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Jennings v. Berryhill

United States District Court, W.D. Oklahoma

May 8, 2018

JIMMIE JENNINGS, Plaintiff,
v.
NANCY A. BERRYHILL, Commissioner for Operations of the Social Security Administration, performing the duties and functions not reserved to the Commissioner of Social Security, Defendant.

          REPORT AND RECOMMENDATION

          BERNARD M. JONES UNITED STATES MAGISTRATE JUDGE

         Plaintiff, Jimmie Jennings, seeks judicial review of the Social Security Administration's denial of his application for supplemental security income (SSI). United States District Judge Scott L. Palk has referred the matter for proposed findings and recommendations. See 28 U.S.C. §§ 636(b)(1)(B), 636(B)(3); Fed.R.Civ.P. 72(b). The Commissioner has filed the Administrative Record (AR) [Doc. No. 15], and both parties have briefed their positions.[1] For the reasons set forth below, it is recommended that the Commissioner's decision be affirmed.

         I. Procedural Background

         On September 19, 2016, an Administrative Law Judge (ALJ) issued an unfavorable decision finding Plaintiff was not disabled and, therefore, not entitled to SSI. AR 10-20. The Appeals Council denied Plaintiff's request for review. Id. at 1-6. Accordingly, the ALJ's decision constitutes the Commissioner's final decision. See Krauser v. Astrue, 638 F.3d 1324, 1327 (10th Cir. 2011). Plaintiff timely commenced this action for judicial review.

         II. The ALJ's Decision

         The ALJ followed the five-step sequential evaluation process required by agency regulations. See Wall v. Astrue, 561 F.3d 1048, 1051 (10th Cir. 2009) (explaining process); see also 20 C.F.R. § 416.920. Following this process, the ALJ first determined that Plaintiff had not engaged in substantial gainful activity since November 24, 2014, his alleged onset date. AR 12.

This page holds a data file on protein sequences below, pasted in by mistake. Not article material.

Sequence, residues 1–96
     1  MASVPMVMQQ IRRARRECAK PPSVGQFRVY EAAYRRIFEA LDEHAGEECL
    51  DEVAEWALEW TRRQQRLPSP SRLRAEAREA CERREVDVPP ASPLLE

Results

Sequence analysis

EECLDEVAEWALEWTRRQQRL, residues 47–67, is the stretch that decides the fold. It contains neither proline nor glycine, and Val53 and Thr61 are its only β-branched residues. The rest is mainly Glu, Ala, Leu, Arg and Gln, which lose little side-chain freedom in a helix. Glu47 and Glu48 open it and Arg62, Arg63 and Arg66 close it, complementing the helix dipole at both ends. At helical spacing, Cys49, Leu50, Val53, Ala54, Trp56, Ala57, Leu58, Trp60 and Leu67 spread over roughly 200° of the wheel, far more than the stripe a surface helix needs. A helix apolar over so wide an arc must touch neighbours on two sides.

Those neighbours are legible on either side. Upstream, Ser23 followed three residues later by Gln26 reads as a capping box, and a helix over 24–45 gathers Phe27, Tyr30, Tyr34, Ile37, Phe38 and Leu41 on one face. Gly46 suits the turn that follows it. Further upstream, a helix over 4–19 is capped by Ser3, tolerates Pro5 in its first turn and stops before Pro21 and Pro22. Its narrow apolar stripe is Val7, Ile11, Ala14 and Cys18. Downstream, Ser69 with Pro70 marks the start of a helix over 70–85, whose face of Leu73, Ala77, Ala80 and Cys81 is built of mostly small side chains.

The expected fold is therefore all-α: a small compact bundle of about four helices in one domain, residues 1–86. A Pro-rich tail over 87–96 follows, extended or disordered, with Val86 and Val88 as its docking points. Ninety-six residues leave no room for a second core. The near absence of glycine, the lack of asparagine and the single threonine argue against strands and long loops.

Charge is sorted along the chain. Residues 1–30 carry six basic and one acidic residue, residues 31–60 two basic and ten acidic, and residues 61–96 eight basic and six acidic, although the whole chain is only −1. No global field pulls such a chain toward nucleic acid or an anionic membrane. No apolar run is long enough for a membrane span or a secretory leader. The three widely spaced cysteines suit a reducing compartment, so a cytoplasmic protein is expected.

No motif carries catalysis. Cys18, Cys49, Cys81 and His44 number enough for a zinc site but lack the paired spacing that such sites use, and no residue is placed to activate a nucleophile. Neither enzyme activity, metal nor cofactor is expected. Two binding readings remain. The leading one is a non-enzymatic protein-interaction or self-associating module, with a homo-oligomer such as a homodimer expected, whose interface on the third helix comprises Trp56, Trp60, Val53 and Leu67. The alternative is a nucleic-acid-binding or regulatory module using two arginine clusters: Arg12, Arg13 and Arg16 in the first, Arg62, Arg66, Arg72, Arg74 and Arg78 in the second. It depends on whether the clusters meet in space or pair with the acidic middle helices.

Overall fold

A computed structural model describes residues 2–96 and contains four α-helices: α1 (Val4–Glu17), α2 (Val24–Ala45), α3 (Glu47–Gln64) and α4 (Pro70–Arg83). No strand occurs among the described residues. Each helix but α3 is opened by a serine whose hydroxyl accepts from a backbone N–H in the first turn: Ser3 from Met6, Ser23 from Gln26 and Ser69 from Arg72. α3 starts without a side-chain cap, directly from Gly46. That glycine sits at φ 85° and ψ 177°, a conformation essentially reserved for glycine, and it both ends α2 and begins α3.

At step two, the ALJ determined Plaintiff suffers from the following severe impairments: major depressive disorder, status post cocaine and drug use, disc herniation at ¶ 4-5, and obesity. Id. at 12-13. At step three, the ALJ found that Plaintiff's impairments do not meet or medically equal any of the impairments listed at 20 C.F.R. Part 404, Subpart P, App. 1. Id. at 13-14.

The ALJ next determined Plaintiff's residual functional capacity (RFC), concluding that:
[Plaintiff can] perform light work as defined in 20 CFR 416.967(b) except occasional stooping, crouching, and kneeling; work is limited to simple, routine, and repetitive tasks; able to understand, remember and carry out simple instructions, but not detailed instructions; no interaction with the general public; only occasional interaction with co-workers; and only occasional interaction with supervisors.

Id. at 14-19.

         At step four, relying on a vocational expert's (VE) testimony, the ALJ determined Plaintiff is unable to perform his past relevant work and that transferability of job skills is not a material issue. Id. at 19. The ALJ then proceeded to step five and, again relying on the VE's testimony, found Plaintiff can perform work existing in significant numbers in the national economy. Id. at 19-20. Specifically, the ALJ found Plaintiff can perform the requirements of representative jobs such as small products assembler, bottling line attendant, and production welder. Id. at 20. Therefore, the ALJ concluded that Plaintiff is not disabled for purposes of the Social Security Act. Id. at 20.